Why Do Vaccines Consistently Fail to Prevent Disease Transmission?

A Midwestern Doctor

As I was putting together this article, I realized that one of the major issues we face when evaluating this topic is determining exactly what constitutes “herd immunity” (a surprisingly amorphous term) and how to evaluate if a vaccine improves or worsens each rendition of it.

… In many cases, vaccines do not work at all (e.g. for influenza). In cases where vaccines do work, they will o en create an evolutionary pressure that creates the emergence of strains that are resistant to the vaccine (this is analogous to bacteria eventually developing resistance to antibiotics that are used on them). As a result, when successful, vaccination campaigns o en create a brief decline of the disease that is then followed by the disease rebounding to its original levels, and o en changing to become more dangerous or a ect demographics the disease did not infect before (who are typically older than the original susceptible demographic).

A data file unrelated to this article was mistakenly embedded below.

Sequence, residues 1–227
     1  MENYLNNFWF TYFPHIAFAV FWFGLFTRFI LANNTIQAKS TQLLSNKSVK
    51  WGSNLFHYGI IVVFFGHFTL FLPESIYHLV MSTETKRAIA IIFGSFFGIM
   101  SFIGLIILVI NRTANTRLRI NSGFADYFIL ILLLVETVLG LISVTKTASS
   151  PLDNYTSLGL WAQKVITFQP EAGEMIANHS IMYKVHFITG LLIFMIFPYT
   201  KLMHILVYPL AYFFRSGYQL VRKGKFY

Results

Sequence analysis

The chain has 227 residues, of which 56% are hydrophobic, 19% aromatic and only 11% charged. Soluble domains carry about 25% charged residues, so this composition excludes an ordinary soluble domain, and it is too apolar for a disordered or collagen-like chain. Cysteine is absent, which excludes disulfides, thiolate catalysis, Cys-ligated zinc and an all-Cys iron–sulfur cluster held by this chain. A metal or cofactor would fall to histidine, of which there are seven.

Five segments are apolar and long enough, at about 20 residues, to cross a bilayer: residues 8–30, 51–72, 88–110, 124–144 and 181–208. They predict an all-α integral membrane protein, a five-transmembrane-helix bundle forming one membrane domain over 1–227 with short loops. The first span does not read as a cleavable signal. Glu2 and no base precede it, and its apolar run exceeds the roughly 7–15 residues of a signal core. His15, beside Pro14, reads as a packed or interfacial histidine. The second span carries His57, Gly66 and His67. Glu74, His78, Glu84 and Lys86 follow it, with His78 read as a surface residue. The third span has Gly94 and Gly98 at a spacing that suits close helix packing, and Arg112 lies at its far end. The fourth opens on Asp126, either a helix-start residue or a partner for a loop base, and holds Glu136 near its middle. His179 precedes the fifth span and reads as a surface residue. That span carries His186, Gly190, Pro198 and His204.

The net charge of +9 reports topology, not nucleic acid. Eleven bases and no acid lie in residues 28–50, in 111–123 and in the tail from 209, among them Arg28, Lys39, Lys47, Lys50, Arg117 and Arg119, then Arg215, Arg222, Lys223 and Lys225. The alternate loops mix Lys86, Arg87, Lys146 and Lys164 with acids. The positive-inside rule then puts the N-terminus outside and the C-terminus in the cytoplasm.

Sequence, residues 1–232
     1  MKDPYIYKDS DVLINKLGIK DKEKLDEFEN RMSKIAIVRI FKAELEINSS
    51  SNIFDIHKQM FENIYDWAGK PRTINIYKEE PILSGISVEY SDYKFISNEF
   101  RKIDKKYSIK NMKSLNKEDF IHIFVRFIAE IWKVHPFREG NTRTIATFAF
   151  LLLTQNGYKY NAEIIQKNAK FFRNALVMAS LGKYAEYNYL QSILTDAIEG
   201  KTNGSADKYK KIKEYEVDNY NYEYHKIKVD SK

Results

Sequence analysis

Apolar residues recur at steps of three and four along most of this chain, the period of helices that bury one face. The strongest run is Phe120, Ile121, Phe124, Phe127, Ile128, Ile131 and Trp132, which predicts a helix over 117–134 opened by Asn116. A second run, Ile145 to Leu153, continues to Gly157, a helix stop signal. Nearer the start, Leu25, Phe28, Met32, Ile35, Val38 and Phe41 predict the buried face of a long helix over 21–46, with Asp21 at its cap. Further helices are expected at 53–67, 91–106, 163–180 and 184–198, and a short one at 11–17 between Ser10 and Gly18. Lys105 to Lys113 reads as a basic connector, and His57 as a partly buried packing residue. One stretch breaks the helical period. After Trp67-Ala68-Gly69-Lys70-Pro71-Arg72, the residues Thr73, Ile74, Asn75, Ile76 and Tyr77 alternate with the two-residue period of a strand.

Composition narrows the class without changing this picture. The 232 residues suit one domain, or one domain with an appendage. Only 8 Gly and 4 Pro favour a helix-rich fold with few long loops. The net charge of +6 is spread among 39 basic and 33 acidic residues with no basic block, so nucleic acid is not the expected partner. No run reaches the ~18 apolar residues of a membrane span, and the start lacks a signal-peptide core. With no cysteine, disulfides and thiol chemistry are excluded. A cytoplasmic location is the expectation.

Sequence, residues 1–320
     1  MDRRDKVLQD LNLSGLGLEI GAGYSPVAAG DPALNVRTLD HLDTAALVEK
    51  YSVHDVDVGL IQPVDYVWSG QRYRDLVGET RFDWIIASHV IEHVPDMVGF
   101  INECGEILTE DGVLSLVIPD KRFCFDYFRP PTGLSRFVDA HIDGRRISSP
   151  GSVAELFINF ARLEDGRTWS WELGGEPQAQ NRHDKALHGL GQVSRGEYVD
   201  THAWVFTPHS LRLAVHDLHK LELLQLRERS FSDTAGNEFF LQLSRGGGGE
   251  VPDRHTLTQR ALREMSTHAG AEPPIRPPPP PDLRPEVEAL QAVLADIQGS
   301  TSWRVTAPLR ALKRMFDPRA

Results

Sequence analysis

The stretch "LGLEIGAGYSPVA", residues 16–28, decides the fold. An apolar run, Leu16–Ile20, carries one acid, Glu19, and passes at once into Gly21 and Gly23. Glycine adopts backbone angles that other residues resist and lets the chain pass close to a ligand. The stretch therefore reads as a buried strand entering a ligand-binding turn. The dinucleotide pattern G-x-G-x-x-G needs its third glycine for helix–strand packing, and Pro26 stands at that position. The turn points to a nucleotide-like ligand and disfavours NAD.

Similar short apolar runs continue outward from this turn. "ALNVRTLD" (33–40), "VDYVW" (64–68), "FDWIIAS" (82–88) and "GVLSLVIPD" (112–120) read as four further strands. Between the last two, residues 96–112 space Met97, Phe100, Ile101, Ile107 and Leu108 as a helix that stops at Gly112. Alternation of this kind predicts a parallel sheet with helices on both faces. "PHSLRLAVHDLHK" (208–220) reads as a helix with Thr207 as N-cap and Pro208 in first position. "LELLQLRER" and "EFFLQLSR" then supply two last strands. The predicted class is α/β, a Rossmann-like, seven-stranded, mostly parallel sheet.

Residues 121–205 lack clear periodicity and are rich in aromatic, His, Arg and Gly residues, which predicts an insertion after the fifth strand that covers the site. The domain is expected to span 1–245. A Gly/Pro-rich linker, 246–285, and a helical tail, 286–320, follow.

This cycle of futile attempts at disease eradication has been repeatedly demonstrated, with the strongest evidence of strain replacement existing for Haemophilus in uenzae, Streptococcus pneumoniae, and Bordetella pertussis (each of which many of our children are mandated to be vaccinated for).

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